In some medical schools, opportunities for students to receive feedback, or to practice under the supervision of experienced and well-trained clinicians, were still insufficient (Quote 6).

Opportunities

Some participants considered that the existence of an FLE was an opportunity to influence the range and variety of communication topics addressed during training, and to improve communication curricula. For others, replacing the learning objectives of the SCLO with “Entrustable Professional Activities” (EPAs) [29] in the planned new Learning Catalogue [30] was seen as a way to facilitate the integration of communication skills with other clinical skills training, and to facilitate the continuity of communication training and assessment between the pre-clinical and clinical years, and between undergraduate and postgraduate training (Quote 7).

Finally, some of the participants hoped that taking part in a federal project aiming at improving the assessment of communication skills in the Swiss FLE would be an opportunity to develop a Swiss consensus on communication skills training, involving representatives of all five medical schools.

Threats

The interviewed teachers and coordinators saw no current major threats, but feared that time and money may become a major problem for communication skills training in the future, due to the increasing number of students, and the time and financial costs related to faculty training and renewal, and the use of simulated patients. The fact that basic sciences-oriented universities may also start to provide medical training soon was seen as a major threat to the maintenance and further development of integrated and longitudinal communication training (Quote 8).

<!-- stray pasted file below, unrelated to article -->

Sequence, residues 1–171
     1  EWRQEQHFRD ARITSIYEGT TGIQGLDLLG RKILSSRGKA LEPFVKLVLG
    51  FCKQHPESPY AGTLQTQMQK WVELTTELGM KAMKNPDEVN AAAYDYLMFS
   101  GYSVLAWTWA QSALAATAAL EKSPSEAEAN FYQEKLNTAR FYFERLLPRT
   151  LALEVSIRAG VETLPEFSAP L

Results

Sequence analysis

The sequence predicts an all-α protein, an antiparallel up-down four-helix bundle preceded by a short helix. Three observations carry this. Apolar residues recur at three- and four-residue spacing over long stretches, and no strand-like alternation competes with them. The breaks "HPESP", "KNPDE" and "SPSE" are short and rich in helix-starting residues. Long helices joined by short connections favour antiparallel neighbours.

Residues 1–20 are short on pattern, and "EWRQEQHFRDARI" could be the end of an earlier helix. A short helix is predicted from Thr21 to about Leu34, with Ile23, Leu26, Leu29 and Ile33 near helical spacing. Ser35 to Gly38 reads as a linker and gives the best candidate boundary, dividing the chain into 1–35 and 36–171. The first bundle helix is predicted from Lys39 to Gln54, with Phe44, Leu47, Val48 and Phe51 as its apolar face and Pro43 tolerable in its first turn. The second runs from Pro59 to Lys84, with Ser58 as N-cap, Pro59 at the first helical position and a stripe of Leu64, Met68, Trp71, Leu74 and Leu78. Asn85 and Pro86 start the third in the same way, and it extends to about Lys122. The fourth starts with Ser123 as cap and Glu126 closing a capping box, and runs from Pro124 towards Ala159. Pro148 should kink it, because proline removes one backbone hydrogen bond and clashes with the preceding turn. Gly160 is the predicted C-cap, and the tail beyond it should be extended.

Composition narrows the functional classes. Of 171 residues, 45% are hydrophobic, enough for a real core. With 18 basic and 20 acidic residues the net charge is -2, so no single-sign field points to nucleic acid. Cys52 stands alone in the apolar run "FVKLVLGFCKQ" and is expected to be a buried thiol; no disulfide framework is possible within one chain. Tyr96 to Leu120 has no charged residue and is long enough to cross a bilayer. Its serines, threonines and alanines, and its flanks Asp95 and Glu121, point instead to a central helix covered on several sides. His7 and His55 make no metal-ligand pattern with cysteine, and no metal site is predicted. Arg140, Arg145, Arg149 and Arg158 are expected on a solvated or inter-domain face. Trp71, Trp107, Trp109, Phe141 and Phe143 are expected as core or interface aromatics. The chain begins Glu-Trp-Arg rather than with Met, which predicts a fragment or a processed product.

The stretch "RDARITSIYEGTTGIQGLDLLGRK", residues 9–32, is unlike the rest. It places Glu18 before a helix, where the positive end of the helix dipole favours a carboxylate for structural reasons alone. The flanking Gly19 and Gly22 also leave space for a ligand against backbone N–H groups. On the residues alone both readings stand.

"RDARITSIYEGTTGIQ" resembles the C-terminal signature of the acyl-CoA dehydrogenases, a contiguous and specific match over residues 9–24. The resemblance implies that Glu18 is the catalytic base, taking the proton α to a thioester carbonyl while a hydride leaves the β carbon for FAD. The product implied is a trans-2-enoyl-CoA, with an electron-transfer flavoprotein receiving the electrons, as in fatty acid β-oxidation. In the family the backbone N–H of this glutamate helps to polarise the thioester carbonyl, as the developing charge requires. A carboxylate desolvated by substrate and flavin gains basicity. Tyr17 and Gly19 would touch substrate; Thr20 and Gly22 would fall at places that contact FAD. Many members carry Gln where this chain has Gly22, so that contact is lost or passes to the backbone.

Some participants believed that teaching was still considered less valuable than scientific research when it comes to career and academic promotion, and mentioned that it might be problematic to motivate, train and retain clinicians for communication training activities (Quote 9).

Finally, some participants added that focusing too much on OSCEs to assess communication skills could lead to a reductionist view of communication, with too much emphasis on techniques and checklists, at the expense of authenticity, and other dimensions of the patient-physician relationship (Quote 10).

Discussion